Postpartum Anemia: Causes, Symptoms and Remedies
New mothers remains so devoted taking care of the baby that they forget to take care of themselves. Negligence of your health after childbirth can create several health issues, one of which is postpartum anemia. It is the most prevalent disease in the world, especially in developing countries, causing maternal morbidity.
Here, We will explain postpartum anemia, its causes, symptoms and the various remedial options.
Postpartum anemia is a chronic iron deficiency after delivery, when the hemoglobin levels remain less than 110 g/L at one week postpartum and less than 120 g/L at eight weeks postpartum.
Anemia develops in 3 stages:
1. First stage: At this stage, the iron levels in the bone marrow start to decrease, causing an overall deficiency in the iron content in the blood. No specific signs of anemia are perceived at this stage.
2. Second stage: This is the stage when the side-effects of anemia start to reveal. You start feeling more tired and may have headaches. The deficiency can be detected with a blood test. At this stage, the hemoglobin production starts getting affected.
3. Third stage: At the third stage, the hemoglobin levels reduce further, causing severe anemia. The symptoms include extreme tiredness and exhaustion, making the patient feel sick.
To know what reduces the hemoglobin levels is essential to avoid the condition.
Things that Causes Anemia after Pregnancy:-
Postpartum anemia could develop due to:
- Insufficient diet: Inadequate intake of iron before or during pregnancy can result in postpartum anemia. The iron requirement in times of pregnancy is 4.4 mg per day. Since you do not obtain enough iron from food alone, it is significant to take iron supplements during pregnancy and before conception. Significant blood loss during menstruation can also result in loss of iron before conception.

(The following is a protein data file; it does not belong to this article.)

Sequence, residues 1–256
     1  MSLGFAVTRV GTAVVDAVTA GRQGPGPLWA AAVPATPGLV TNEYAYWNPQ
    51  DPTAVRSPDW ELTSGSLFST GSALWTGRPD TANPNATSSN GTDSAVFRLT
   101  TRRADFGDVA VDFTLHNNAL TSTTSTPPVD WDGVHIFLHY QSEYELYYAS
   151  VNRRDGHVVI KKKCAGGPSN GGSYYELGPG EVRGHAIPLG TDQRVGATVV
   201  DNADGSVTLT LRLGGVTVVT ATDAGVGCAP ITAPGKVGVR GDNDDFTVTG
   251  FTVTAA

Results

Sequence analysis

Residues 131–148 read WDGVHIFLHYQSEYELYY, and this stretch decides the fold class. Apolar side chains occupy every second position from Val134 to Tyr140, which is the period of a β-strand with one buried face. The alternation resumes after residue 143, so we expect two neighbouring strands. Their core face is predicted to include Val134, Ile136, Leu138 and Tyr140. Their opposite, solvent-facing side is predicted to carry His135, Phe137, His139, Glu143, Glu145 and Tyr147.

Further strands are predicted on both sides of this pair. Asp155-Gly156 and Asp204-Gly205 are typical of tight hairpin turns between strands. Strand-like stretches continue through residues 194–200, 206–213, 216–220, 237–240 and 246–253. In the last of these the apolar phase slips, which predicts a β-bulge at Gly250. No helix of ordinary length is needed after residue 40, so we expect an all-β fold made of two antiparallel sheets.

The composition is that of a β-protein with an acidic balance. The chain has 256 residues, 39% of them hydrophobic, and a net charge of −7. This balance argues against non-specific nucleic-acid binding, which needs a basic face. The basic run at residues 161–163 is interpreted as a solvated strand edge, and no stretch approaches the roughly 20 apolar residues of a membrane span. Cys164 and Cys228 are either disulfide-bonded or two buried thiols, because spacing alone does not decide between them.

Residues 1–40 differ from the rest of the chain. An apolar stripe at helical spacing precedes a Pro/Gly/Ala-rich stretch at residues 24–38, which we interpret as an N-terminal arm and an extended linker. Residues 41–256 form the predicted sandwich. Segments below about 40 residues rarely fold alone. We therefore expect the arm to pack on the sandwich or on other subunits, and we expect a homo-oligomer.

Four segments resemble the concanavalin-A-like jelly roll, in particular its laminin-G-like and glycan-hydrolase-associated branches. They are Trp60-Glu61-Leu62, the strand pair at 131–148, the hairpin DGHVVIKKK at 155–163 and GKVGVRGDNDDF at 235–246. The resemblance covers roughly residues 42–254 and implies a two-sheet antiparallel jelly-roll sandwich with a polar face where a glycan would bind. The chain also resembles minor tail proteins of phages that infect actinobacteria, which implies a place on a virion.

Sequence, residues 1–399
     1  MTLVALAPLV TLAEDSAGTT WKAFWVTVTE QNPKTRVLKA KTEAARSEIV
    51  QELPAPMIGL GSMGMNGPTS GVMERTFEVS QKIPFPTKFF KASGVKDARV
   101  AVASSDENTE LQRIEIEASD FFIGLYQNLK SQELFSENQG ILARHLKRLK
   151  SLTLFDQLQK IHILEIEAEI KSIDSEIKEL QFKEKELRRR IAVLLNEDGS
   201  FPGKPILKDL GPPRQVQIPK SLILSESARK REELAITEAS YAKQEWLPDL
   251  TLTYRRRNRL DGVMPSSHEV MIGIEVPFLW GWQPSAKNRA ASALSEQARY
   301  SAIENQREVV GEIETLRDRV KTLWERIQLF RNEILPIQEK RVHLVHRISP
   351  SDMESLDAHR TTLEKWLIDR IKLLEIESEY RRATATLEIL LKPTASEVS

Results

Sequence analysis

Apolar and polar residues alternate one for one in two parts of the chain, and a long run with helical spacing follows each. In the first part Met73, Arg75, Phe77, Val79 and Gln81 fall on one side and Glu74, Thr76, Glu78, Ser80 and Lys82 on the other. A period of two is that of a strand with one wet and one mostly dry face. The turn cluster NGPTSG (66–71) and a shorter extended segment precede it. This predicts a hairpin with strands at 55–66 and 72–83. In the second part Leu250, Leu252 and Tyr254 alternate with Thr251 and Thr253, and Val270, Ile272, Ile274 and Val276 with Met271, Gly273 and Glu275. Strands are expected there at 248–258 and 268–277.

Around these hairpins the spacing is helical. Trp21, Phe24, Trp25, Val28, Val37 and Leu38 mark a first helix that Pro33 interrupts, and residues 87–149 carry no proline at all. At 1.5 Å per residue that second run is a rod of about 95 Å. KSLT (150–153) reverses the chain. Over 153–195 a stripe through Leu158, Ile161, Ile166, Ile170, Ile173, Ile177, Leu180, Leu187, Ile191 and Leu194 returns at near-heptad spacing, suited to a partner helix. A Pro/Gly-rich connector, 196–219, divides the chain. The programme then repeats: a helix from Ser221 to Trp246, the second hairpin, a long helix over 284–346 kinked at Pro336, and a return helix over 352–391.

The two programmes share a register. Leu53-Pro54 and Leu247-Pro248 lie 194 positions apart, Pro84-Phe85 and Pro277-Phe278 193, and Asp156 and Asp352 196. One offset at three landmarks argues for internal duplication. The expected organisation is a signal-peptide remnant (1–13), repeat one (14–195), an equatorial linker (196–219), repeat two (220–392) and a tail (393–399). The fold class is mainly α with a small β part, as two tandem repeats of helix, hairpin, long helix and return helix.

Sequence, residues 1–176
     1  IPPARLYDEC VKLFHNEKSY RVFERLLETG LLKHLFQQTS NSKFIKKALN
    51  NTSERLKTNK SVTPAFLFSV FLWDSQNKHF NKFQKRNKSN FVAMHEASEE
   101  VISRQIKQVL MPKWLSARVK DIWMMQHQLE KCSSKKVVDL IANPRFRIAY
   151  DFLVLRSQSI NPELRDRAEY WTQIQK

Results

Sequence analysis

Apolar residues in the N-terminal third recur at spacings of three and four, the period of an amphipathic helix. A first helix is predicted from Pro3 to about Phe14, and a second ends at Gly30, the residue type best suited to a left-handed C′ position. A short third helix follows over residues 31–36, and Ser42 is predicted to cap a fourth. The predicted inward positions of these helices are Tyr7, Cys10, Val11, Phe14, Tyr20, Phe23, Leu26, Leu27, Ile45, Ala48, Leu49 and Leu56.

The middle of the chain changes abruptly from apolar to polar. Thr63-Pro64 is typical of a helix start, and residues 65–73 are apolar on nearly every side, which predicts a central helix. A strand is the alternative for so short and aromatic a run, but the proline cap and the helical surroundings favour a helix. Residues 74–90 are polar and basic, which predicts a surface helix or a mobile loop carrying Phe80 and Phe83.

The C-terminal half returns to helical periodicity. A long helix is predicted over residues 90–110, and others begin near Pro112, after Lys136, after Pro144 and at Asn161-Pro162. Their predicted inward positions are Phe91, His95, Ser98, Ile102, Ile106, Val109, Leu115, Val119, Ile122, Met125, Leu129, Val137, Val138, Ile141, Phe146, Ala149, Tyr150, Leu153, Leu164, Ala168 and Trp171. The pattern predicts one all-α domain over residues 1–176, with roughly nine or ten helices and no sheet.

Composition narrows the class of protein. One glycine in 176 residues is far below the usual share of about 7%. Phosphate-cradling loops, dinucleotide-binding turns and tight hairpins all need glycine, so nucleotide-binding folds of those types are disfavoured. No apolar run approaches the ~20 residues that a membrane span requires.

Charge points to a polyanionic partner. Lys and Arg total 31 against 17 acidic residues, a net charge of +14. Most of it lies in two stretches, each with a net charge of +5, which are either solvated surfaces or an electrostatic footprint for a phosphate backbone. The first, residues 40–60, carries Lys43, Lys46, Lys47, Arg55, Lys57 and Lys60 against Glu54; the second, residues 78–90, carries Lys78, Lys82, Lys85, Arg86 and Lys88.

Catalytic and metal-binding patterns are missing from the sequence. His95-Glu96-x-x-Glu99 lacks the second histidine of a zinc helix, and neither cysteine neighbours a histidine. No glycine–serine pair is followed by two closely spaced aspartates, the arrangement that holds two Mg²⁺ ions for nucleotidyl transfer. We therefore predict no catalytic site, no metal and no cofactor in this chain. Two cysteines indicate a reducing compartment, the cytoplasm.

- Peripartum blood loss: Heavy blood loss during delivery (exceeding 500ml) can decrease the iron quantity of body and lead to anemia after delivery. The more the blood loss is, the greater is the risk of anemia in the mother .
- Intestinal diseases: In matters of intestinal disorders such as celiac disease, Crohn’s disease, and inflammatory bowel disease, the malabsorption of iron becomes a matter of great concern.
When the iron levels falls, you will experience specific changes in the body.
What Are The Signs And Symptoms Of Postpartum Anemia?
Here are the signs and symptoms indicating iron dearth in the body after childbirth:
- Feeling extremely exhausted and tired
- Pale skin
- Feeling confused
- Reduced quality and quantity of breast milk, which is linked with low weight gain in babies
- Shortness of breath
- Lightheadedness or dizziness
- Rapid heartbeat
- Mood swings
- Decreased sex drive
- Loss of immunity
You may not be facing all these symptoms at a time, but if you feel any of the symptoms mentioned above uncontrollable, consult your doctor to avoid any kind of complication.
Hazards Associated with Postpartum Anemia
Anemia can create several risks to the mother if not diagnosed in time. Some of the risks are: